Image from Pexels

Image from Pexels

By and large, college students (particularly those at the nation’s elite institutions of higher learning) are self-identifying as feminists. Given the number of unresolved gender issues, double standards, and problematic attitudes toward femininity that continue to permeate almost every sector of society, I consider this self-identification generally a good thing. We should be feminists. We should be for equality. But self-identifying with an at times vague ideology is a far cry from effective praxis and belief systems – and given the recent assimilation of feminism into mainstream politics and economics, I am skeptical of this leading brand of feminism and if it can actually be considered feminism at all.

Take for example the most commonly referenced statistics trumpeted by this mainstream feminism – the gap in percentage points between male and female CEOs or otherwise high ranking Fortune 500 corporate officers. The rushed-to solution is an unadulterated call for women to pursue careers in accounting and finance and work their way up the corporate latter to shrink the gap and show that they too embody the same Wall Street success that men have enjoyed. My issue with this ideology is as follows: we don’t necessarily need any more bright college students mindlessly enrolling in business schools, pursuing finance degrees, and entering the rat race that encompasses a significant portion of corporate America.

It makes sense that this type of feminism has been adopted and championed by corporate capital elites, because it fits neatly into their overarching, workaholic, wealth-building regime. It is a feminism that while seeking to reduce the professional gap that exists between men and women on a surface level, does nothing to question the potentially harmful aspects of a patriarchal, crony capitalist consumer culture. To look back on recent economic travesties and banking malpractices, one must ask the strangely blunt question: what makes us thing women will behave any differently than men if they are simply assuming the same old roles in the same old system? The effect is simply the appearance of change without any true audit of the actual pitfalls of the system.

On the political level, my weariness in embracing this newly championed brand of feminism can be summed up in one person – Hillary Clinton. Though the United States is long overdue for a female president, we must resist the temptation to fall into the trap of identity politics. Just because Clinton is a woman and has been around for a while doesn’t mean electing her would constitute any radical change in U.S. politics (just like electing Barack Obama failed to produce any radical change in U.S. politics. From a strongly interventionist foreign policy, to free trade deals and bailouts, Clinton has consistently embodied the imperialist and crony capitalist-friendly nature fundamentally antithetical to the average working American which she is attempting to appeal to. A genuine feminism recognizes this and is critical of Clinton as a public figure and politician. It doesn’t blindly embrace her as inevitably the next president, bold, immaculate, and free of any wrongdoing.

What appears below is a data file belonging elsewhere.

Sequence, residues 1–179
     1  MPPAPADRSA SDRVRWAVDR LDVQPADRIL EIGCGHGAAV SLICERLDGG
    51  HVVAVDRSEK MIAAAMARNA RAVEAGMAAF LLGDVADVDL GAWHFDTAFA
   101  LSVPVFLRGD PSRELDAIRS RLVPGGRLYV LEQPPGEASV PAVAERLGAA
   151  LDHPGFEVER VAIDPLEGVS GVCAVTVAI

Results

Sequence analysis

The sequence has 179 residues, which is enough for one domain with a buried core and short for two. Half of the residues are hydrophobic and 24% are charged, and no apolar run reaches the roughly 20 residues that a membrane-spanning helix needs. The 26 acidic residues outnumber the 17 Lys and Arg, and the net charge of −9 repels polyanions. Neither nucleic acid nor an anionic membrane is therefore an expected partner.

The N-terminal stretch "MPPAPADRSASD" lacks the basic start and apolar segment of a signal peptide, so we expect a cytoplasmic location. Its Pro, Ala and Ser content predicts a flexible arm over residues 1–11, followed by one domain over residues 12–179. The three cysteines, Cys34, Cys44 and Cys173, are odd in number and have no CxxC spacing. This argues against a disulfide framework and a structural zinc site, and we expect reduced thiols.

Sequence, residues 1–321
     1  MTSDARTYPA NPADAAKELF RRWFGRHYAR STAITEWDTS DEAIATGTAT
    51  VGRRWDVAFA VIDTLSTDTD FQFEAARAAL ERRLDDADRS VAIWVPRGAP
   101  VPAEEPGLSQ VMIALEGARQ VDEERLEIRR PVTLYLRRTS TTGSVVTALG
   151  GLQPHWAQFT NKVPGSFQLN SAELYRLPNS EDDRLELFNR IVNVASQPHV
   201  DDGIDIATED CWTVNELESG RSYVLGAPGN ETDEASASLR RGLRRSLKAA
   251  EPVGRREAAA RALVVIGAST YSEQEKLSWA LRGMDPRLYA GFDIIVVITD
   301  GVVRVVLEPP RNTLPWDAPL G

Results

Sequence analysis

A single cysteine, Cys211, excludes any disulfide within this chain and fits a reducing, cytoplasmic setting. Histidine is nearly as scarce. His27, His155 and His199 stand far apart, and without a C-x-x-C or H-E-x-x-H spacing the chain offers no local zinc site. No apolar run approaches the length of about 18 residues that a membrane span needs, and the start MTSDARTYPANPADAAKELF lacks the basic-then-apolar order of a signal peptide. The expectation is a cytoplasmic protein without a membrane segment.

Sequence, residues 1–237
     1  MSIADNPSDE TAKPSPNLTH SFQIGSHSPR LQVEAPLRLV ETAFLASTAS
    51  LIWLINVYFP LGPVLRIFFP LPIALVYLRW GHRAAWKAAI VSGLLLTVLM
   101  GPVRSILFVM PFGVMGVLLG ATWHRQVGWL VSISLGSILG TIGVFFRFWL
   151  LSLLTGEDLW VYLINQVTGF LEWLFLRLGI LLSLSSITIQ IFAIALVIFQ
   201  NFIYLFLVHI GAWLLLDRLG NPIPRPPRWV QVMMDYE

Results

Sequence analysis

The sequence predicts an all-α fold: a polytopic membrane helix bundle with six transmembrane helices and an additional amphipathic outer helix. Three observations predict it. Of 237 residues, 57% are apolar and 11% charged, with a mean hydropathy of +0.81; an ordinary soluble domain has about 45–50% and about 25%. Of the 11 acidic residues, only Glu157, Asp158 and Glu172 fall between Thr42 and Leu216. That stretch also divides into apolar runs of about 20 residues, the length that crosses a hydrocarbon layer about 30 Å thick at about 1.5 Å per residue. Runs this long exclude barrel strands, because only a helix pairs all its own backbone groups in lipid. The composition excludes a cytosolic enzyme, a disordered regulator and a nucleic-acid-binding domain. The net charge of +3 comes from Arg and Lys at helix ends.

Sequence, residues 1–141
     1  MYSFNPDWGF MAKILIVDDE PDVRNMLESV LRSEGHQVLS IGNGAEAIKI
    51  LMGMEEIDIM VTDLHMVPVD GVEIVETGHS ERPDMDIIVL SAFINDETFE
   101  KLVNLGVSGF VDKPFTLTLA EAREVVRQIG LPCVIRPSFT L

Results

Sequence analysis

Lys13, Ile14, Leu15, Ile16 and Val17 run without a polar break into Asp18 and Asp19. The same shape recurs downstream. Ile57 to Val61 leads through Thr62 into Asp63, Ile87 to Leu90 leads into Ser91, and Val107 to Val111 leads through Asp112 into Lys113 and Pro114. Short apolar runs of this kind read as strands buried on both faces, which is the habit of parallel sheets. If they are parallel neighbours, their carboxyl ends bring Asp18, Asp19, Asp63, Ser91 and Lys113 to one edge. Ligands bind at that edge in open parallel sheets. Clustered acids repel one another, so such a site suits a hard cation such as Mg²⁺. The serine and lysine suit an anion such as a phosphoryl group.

The emerging mainstream feminism seems to be being embraced either for necessity or trendiness in what appears to be a clever and creative way of maintaining the status quo with the devaluation of feminine qualities simply by integrating women into the dangerous patriarchal roles and attitudes of big business and government. Of course this is not to say we should not strive for a representative workforce and governing body – but it is to say that any such representative workforce and governing body would be a negligible accomplishment if the same harmful attitudes and actions persisted during it. A genuine feminism needs more.

In the critical time of college where these conversations unavoidably come up inside and outside of the classroom, I urge you to not be content with self-identifying labels, vague ideologies, identity politics, and haphazard embraces of trendy pseudo-change. A more serious and attentive demeanor must be taken in these developments that questions motives and actualities behinds words and appearance. For that, take a healthy skepticism in relation to this newfound mainstream feminism – it might not actually be a feminism at all.

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the author

Eric Aldieri is a junior at Villanova University double majoring in Philosophy and Humanities. You can contact him at or @ealdi94 .

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